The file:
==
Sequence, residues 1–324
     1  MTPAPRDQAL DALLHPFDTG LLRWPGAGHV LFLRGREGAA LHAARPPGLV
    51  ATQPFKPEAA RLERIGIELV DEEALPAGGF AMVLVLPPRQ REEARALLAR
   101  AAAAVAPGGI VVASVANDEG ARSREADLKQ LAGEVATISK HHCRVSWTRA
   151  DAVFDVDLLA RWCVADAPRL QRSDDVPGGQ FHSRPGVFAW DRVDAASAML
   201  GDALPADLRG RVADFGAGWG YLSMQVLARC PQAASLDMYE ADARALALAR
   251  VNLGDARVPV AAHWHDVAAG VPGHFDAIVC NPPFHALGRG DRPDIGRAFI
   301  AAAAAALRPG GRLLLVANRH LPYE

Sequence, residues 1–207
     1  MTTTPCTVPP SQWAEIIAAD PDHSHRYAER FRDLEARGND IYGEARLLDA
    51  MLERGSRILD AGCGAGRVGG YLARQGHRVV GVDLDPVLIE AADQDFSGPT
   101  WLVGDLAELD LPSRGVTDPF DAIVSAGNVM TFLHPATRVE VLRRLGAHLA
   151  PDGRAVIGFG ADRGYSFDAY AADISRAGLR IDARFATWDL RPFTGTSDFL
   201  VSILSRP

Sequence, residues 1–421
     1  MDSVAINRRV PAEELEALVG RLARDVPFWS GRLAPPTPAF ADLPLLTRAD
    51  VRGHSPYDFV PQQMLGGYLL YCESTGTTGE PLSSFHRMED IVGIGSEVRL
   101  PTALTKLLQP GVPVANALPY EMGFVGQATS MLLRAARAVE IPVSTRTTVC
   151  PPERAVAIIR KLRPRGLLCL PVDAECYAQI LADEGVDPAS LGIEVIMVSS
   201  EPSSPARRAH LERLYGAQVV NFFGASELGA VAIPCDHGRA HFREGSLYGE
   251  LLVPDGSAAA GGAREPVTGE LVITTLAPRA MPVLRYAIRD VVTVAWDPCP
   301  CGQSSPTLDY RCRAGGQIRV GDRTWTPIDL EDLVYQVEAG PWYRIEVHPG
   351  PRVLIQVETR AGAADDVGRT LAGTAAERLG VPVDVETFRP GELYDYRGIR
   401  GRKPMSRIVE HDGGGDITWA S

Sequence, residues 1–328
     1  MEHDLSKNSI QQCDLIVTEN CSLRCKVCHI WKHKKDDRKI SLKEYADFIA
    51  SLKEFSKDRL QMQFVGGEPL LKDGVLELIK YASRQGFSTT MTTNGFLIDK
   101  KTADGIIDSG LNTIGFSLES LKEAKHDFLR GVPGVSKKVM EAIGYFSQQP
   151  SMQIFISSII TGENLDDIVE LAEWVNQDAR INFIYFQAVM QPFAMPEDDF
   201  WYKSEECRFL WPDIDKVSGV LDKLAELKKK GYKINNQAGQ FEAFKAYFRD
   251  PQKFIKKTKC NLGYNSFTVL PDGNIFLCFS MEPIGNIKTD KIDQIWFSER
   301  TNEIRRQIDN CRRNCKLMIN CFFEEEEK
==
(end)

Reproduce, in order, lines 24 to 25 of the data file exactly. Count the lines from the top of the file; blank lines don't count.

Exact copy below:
   401  GRKPMSRIVE HDGGGDITWA S

Sequence, residues 1–328